Healthcare Acquired Infections
Healthcare-associated infections (HCAI’s) can develop either as a direct result of healthcare interventions such as medical or surgical treatment through contaminated hands, clothing or equipment, or from being in contact with harmful bacteria coming from a healthcare setting e.g. contaminated water splashIng from a tap.
According to the 2012 Health Protection Agency operations guidance and standards:
The term HCAI covers a wide range of infections. The most well-known include Legionella, Pseudomonas aeruginosa, Cryptosporidium, meticillin-resistant Staphylococcus aureus (MRSA), meticillin-sensitive Staphylococcus aureus (MSSA), Clostridium difficile (C.diff) and Escherichia coli (E. coli). Almost all pathogens associated with HCAI’s are water-born and originate this way. They are transmitted in ways such as by touch through poor or infrequent handwashing, water splashing onto sterile equipment, clothing or patient beds which then comes into contact with patients and from airborne water (aerosol) which is breathed-in by patients.
HCAI’s cover any infection contracted:
• as a direct result of treatment in, or contact with, a health or social care setting
• as a direct result of healthcare delivery in the community
• as a result of an infection originally acquired outside a healthcare setting (for example, in the community) and brought into a healthcare setting by patients, staff or visitors and transmitted to others within that setting (for example, norovirus).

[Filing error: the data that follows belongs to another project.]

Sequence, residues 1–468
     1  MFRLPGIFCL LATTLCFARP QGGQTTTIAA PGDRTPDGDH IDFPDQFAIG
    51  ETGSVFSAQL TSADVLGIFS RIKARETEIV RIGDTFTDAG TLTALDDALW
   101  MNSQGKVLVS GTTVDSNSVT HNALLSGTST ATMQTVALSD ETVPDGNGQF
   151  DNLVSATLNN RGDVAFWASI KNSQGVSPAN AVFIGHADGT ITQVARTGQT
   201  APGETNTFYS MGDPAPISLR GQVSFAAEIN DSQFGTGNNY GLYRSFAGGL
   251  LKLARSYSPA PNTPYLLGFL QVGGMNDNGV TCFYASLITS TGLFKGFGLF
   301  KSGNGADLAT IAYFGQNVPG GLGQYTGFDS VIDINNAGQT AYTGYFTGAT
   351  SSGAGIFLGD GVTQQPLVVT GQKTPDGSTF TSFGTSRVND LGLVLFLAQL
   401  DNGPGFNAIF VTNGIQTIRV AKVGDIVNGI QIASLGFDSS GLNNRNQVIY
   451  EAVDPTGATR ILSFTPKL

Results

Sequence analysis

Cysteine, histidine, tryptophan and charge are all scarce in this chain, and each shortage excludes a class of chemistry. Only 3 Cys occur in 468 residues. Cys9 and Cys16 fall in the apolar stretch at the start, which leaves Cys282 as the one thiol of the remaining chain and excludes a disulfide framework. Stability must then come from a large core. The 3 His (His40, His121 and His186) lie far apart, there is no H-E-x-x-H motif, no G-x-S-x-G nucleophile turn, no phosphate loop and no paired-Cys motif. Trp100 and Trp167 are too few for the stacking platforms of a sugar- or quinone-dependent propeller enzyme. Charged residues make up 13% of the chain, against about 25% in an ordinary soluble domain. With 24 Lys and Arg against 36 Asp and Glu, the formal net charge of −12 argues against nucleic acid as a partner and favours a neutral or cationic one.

HCAIs pose a serious risk to patients, clients, staff and visitors to health and social care premises. They can incur significant costs for the NHS and others, and cause significant morbidity and mortality for those infected. In addition, those people who do survive often experience life changing on-going health issues throughout their life.
According to the National Institute for Health and Care Excellence (NICE) It is estimated that 300,000 patients a year in England acquire a HCAI as a result of care within the NHS. The most common types of healthcare- associated infection are respiratory infections (including pneumonia and infections of the lower respiratory tract) (22.8%), urinary tract infections (17.2%) and surgical site infections (15.7%).
Dr. Paul McDermott a leading Microbiologist and water-borne pathogen expert stated:
"It is commonly recognised that water outlets such as taps and showers can harbour harmful bacteria and can easily transmit this to vulnerable patients - so handwash stations now need to be treated as medical devices rather than just sanitary ware"
The cost of HCAI’s in the UK
The NHS states that 1 in 26 inpatients will contract a HCAI. However, some published figures show the percentage at 6% or more.
NHS inpatient average stay is published as being 3.5 days but this increases to 21 days+ if a patient contracts a HCAI. At a cost of £400 per day per patient, these increased costs are highly significant.
Also special costly antibiotics are needed to try to tackle such infections as those from Legionella bacteria or Pseudomonas.
These costs together with growing litigation costs and the high levels of activity required to keep water systems safe produce a cost of HCAI’s to in excess of £40m per hospital per year.
Jim Shannon MP said:
"UK healthcare-associated infections cost lives and money. Some 300,000 healthcare-associated infections every year cost the NHS in excess of £1 billion annually. If we could encourage Government to roll out their strategy to reduce hospital infections and to publish their staff hand hygiene indicator, that would give us a methodology whereby we could do that. We look forward to the Government’s response on that"